Cinema: Mass Entertainment or Luxury Item?

21 Apr,2023



By Shailesh Kapoor


Shailesh KapoorJust 22 million (or 2.2 crore). That’s the number of urban adults who watched three of more Hindi films in a theatre in 2022. Add kids and rural audience to it, and the number will still struggle to cross the 3 crore mark.


This single data point, from our new report Ormax Cine Sense: 2023, brings a lot in perspective to how mass (or not) ‘Bollywood’ is. The equivalent of the 2.2 crore number was about 3.5 crore in the pre-pandemic years. It hovered around that mark pretty much through the period from 2013 to 2019, for which this data is available with us.


In effect, we are talking about only about 2% of India’s population going to movie theatres to watch a Hindi film at least once in 3-4 months. The equivalent numbers for the four South languages will be known soon, and the all-India number may look closer to 6-7 cr, which is still less than 5% of India’s population. Movie-going is clearly not as mass as many believe it is.


Over the last decade or so, the growth in box-office business has been fueled more by rising ticket prices than by footfalls. In effect, cinema-going habit has become more and more elusive. With a wide range of alternatives to watch movie content being available, including OTT and linear TV channels, there is very little incentive for an average Indian to visit a movie theatre. And once the habit is broken, it is a tough ask to reinstate it.


It’s not as if films themselves are niche as a content type. Theatrical films routinely outperform high-profile OTT originals on streaming platforms. Despite being a huge theatrical success, Pathaan has managed viewership numbers like Amazon Prime Video’s biggest hit series in recent times, Farzi. And this is despite theatrical and paid streaming categories showing a sizeable audience overlap, to the extent of about 75%.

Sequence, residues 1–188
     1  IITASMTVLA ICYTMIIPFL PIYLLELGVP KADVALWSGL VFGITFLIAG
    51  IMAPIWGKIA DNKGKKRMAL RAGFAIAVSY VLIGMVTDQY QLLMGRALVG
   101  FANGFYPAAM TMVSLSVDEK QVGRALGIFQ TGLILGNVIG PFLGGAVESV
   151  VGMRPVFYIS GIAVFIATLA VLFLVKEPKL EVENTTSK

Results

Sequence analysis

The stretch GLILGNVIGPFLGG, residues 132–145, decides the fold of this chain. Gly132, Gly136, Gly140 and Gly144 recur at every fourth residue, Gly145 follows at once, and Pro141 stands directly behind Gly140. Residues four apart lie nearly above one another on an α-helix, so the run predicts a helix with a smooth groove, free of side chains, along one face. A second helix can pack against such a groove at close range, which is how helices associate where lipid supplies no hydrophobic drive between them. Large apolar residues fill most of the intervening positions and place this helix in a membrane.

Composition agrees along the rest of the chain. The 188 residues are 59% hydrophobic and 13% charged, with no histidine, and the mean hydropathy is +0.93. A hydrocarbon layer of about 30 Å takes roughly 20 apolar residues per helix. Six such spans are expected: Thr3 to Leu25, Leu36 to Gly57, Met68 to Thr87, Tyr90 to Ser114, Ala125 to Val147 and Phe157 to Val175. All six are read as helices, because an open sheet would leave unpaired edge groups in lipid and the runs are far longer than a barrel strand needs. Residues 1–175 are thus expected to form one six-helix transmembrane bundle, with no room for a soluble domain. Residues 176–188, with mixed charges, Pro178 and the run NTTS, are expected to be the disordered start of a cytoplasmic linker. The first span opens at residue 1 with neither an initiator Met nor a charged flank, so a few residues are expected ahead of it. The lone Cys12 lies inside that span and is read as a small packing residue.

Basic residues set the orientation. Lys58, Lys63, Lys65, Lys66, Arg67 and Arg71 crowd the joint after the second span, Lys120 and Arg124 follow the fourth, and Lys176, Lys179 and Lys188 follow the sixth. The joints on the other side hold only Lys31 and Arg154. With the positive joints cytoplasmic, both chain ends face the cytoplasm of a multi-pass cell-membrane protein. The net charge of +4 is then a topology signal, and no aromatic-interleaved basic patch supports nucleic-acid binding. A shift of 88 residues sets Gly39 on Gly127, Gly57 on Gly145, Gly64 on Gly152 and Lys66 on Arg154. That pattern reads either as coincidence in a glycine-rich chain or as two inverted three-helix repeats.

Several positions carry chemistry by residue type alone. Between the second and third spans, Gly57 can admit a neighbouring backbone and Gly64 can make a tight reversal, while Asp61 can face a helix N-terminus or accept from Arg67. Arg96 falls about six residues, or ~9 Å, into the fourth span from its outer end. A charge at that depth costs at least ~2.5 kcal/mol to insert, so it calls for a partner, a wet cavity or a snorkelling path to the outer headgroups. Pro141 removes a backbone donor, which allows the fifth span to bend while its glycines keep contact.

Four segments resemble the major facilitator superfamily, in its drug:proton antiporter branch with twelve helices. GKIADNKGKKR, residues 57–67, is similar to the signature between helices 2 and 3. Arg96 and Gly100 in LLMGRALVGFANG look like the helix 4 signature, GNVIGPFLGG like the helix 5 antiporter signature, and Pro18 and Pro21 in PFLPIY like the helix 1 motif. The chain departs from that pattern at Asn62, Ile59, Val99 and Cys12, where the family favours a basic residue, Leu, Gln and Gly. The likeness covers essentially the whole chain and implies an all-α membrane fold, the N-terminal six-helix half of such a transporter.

Till a few years ago, there was a lot of talk about India being an “under-screened” market. But when most of India’s existing 9,000 odd screens are operating at less than 15% occupancy for at least 40 weeks in a year, opening new screens is not a prudent move.


Outdoor entertainment, by its very nature, if a luxury item in the budget planning of most Indian families. A single trip to a theatre for a family of four can cost them most than annual subscription of three OTT apps. That’s why, the youth (15-30 years), driven by social needs, have been the dominant target group for Hindi film consumption since the multiplex era started about two decades ago. But even with India’s young population, the numbers are not sizeable.


In what may almost seem like a contrarian view, I don’t see much of an issue here. If the Hindi film industry can come to terms with its premium positioning, they can go all out and target only the 2-3 crore people who really matter, and let others consume the content at their homes. This will lead to sharpening of focus at various levels. For example, you do not actually need traditional media to target these audience, almost all of whom are active on digital platforms. Or the entire debate about ticket prices will become irrelevant, once you identify a target audience who is willing to pay a premium for their outdoor entertainment.


But that’s not to say that the content needs to be ‘elitist’ too. SS Rajamouli, Rohit Shetty, Sanjay Leela Bhansali and Rajkumar Hirani are the top four favourite directors for these 2 cr people. Escapism is still a dominant need that drives their decision to buy a movie ticket in the first place.


With the exception of South India (which is the topic of another article for another day), movies are mass, but movie-going is not. It’s about time the industry gets comfortable with this idea.


Post a Comment 

Comments are closed.

Today's Top Stories